SPF Meaning: Learn About the Different Types of Sunscreens

If you become confused when you go shopping for sunscreen, you’re not alone. There are so many sun care products to choose from these days. How are you supposed to make sense of so many product claims and ingredient lists? You may not even understand the SPF meaning and the different types of sunscreens that are available at your local drugstore. Don’t worry. We can show you how to make sense of the sunscreen marketplace and how to choose the sunscreen product that will best meet the needs of you and your family.

 Learn About the Different Types of Sunscreens

What’s Sunscreen, Anyway?

Sun care products employ various ingredients to prevent the ultraviolet, or UV, radiation in sunlight from reaching your skin. There are actually two types of ultraviolet radiation, namely UVA and UVB, which can cause skin to age prematurely, damage skin cells and increase the risk of developing skin cancer.

UVB sunlight has been identified as the primary cause of sunburn. UVA rays, on the other hand, penetrate more deeply into the skin, leading to skin sagging, wrinkling, leathering and other sunlight induced photoaging effects. Scientists have also implicated sunlight overexposure to the development of carcinogenic effects that may cause skin cancer. The ability of sunscreen products to shield consumers from UVA and UVB sunlight varies widely.

What Does SPF Mean?

It’s important that you understand SPF meaning and the ability of the various types of sunscreens to protect your skin before making a purchasing decision. Sun care products with an SPF factor of 15 or more were designed to protect your skin from UVB rays. An SPF sunlight protection factor measures the ability of a sunscreen product to prevent UVB rays from causing damage to the skin of you and your family. We can help you personalize the sunscreen shopping process. If your unprotected skin requires 20 minutes to turn a little red, you should buy a sunscreen product with an SPF factor of 15. The idea is that it should take 15 times longer for your skin to start turning red. This translates to approximately five hours of skin protection.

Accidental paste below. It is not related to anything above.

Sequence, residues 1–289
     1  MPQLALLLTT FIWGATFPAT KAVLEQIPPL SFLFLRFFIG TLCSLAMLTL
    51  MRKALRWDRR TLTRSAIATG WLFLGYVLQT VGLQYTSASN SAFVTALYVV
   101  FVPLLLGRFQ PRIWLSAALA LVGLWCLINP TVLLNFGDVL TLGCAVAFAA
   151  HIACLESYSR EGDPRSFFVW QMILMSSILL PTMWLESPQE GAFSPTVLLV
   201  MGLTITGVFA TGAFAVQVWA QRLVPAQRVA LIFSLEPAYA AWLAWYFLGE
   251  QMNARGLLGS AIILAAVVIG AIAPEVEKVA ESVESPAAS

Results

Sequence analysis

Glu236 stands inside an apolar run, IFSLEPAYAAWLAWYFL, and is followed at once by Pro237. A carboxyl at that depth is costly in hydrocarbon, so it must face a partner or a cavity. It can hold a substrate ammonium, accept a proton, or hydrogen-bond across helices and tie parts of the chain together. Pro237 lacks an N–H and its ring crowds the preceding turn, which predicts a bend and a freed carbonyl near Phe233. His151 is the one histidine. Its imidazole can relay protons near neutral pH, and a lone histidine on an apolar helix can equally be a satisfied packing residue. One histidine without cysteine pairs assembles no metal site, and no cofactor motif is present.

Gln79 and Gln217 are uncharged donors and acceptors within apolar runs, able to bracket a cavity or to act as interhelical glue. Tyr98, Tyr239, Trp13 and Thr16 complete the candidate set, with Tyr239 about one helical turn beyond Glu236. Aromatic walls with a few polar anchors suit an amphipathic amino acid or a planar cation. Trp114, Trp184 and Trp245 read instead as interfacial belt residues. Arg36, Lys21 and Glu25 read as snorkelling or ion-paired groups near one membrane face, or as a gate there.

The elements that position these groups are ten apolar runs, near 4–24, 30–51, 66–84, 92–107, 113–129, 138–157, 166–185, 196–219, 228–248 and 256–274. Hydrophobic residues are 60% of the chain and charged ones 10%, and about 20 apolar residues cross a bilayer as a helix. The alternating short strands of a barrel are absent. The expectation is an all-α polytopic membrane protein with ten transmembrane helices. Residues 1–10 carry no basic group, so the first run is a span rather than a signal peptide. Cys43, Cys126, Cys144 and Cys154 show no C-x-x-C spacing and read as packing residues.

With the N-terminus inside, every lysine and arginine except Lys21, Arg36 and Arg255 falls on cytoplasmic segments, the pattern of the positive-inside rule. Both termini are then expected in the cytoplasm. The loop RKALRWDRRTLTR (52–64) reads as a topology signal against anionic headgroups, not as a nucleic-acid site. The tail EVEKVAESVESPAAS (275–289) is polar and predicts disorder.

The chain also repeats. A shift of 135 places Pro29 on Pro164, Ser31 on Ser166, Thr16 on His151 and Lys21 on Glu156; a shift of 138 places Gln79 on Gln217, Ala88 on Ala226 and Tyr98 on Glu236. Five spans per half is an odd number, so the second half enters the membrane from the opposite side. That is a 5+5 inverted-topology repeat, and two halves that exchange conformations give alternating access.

As a percentage, an SPF 15 sunscreen filters out about 93 percent of UVB sunlight. A sunscreen product with an SPF factor of 30 will filter out 97 percent of harmful sunlight, and an SPF 50 sunscreen product filters out 98 percent of the UVB rays. Even a small increase in protection may prove to be invaluable for someone who is light-sensitive or has a previous history of skin cancer. No sunscreen product has the ability to block all UV sunlight.

Unfortunately, the SPF factor model is far from perfect. The reality is that no sunscreen product remains effective more than two hours after being applied. You will have to reapply the sunscreen if you want to maintain the promised protection. Moreover, skin reddening is nothing more than a reaction caused by interaction with UVB sunlight. Reddening is not an indication of potential UVA damage. Skin damage can be caused by sunlight without your skin being sunburned.

Should You Apply Sunscreen to Your Skin?

Anyone that is more than six months of age should apply sunscreen on a daily basis. Even people that work inside are vulnerable to UV radiation exposure. Sunscreen should never be applied to the skin of children under the age of six months since their skin is sensitive to sunlight and the ingredients contained in sunscreen products. It’s better to use clothing and shade to protect the little ones.

What Sunscreen Should I Use?

It depends on how much time you spend in the sun. We recommend that you use a broad-spectrum sunscreen that provides protection against both UVA and UVB sunlight. At a minimum, most broad-spectrum sunscreen products contain ingredients to absorb both short and long sunlight wavelengths. Make sure you apply the recommended amount of sunscreen. Most consumers make the mistake of applying less sunscreen than they should.

Make sure you purchase a high-quality sunscreen product. We recommend that you select a broad-spectrum sunscreen that offers an SPF factor of no less than 15. Even if the SPF meaning and the types of sunscreens are confusing, you can always search for a Skin Cancer Foundation’s Seal of Recommendation. This means that the product meets the recommended standards for effectiveness and safety. Finally, remember to follow the product directions and never depend on sunscreen products alone to protect your skin from UV sunlight. Sunscreen is only one part of an effective sunlight protection strategy.

-Marc Kaplan

CEO, Save Rite Medical

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Marc Kaplan is founder and CEO of Save Rite Medical — the leading provider of wholesale medical supplies. A salesman by day and educator by night, Marc enjoys providing valuable ways and alternatives to living a healthier lifestyle.


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